John Billy and Thomas Willis

On April 12, 1888, Thomas Willis hosted several other men for an evening of whiskey drinking at his home near Albion, Indian Territory.

The next day, the still drunk men – Willis, John Billy, Madison James, Stephen Graham, and W.P. Williams – got into a fight. Willis shot and killed Williams, who was white, robbed him of money and whiskey, and buried him.

Williams’ body, which had not been buried very deep, was found a few weeks later. Willis, Graham, James, and Billy were arrested.

Taken to Fort Smith to stand trial, Billy, Willis, and James, all of whom were Choctaws, were convicted of murder on October 4, 1889, and sentenced to death on November 1. Graham had not been indicted due to evidence that he had not participated in the crimes.

Madison James’ death sentence was commuted to fifteen years in prison on January 14, 1890.

John Billy and Thomas Willis were hanged in Fort Smith on January 16, 1890.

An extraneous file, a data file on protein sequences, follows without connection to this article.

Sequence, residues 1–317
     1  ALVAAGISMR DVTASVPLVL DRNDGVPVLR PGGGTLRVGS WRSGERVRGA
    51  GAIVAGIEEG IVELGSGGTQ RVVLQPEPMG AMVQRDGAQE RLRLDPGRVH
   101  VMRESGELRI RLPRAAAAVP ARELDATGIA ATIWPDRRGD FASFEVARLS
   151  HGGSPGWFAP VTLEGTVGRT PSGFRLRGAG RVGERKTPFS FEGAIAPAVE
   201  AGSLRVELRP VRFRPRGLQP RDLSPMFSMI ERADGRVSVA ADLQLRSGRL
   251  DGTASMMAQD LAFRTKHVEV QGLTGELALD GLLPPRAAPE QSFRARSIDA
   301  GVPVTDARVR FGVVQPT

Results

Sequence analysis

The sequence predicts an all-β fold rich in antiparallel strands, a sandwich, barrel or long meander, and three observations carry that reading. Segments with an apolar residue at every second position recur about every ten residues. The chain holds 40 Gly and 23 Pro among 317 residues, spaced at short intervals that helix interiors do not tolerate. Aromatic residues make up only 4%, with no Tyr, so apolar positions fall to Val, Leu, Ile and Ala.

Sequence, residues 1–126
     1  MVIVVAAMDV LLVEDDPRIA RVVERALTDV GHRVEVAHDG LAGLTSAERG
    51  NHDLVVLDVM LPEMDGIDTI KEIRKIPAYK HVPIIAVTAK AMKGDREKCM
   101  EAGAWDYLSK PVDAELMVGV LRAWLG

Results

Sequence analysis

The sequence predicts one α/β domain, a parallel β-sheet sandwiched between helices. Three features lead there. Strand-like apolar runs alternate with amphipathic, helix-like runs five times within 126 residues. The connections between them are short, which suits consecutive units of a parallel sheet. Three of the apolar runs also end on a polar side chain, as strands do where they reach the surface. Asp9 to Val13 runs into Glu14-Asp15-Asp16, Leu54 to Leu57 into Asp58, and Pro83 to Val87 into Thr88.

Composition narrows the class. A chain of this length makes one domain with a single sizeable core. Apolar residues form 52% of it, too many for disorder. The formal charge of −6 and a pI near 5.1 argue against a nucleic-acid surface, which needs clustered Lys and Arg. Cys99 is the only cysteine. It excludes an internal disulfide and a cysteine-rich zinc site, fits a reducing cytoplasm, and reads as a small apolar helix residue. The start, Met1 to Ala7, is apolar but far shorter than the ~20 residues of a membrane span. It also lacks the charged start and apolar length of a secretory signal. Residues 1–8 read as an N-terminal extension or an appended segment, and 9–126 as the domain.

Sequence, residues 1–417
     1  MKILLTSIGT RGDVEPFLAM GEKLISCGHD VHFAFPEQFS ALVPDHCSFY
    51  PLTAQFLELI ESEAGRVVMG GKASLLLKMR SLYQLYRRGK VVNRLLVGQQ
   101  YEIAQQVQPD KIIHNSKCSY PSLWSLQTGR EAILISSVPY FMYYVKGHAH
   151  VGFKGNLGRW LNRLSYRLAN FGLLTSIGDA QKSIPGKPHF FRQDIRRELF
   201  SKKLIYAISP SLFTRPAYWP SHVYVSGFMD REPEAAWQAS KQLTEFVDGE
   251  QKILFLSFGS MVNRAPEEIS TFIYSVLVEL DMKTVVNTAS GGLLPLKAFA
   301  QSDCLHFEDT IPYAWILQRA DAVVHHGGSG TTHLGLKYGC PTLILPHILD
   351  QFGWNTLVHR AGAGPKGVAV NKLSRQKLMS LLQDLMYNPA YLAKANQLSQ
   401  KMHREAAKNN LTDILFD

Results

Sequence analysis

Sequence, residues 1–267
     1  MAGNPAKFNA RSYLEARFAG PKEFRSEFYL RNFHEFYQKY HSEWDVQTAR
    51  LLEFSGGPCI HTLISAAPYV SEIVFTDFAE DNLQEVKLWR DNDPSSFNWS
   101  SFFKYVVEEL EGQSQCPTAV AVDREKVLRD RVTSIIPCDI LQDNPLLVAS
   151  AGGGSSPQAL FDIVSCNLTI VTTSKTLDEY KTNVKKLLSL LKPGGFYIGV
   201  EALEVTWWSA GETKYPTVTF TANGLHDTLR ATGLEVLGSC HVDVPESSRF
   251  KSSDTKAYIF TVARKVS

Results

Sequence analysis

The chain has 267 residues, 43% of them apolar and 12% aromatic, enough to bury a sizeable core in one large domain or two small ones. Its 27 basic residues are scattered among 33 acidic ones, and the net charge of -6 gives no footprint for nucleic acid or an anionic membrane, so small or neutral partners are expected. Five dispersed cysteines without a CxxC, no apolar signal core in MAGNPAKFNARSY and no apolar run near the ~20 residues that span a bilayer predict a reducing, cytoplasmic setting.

Author: Bill Lofquist

I am a sociologist and death penalty scholar at the State University of New York at Geneseo. I am also a Pittsburgh native. My present research focuses on the history of the death penalty in Allegheny County (Pittsburgh), Pa. This website is dedicated to collecting, analyzing, and sharing information about all Allegheny County cases in which a death sentence was imposed. Please share any questions or comments, errors or omissions, or other matters of interest related to these cases or to the broader history of the death penalty in Allegheny County.

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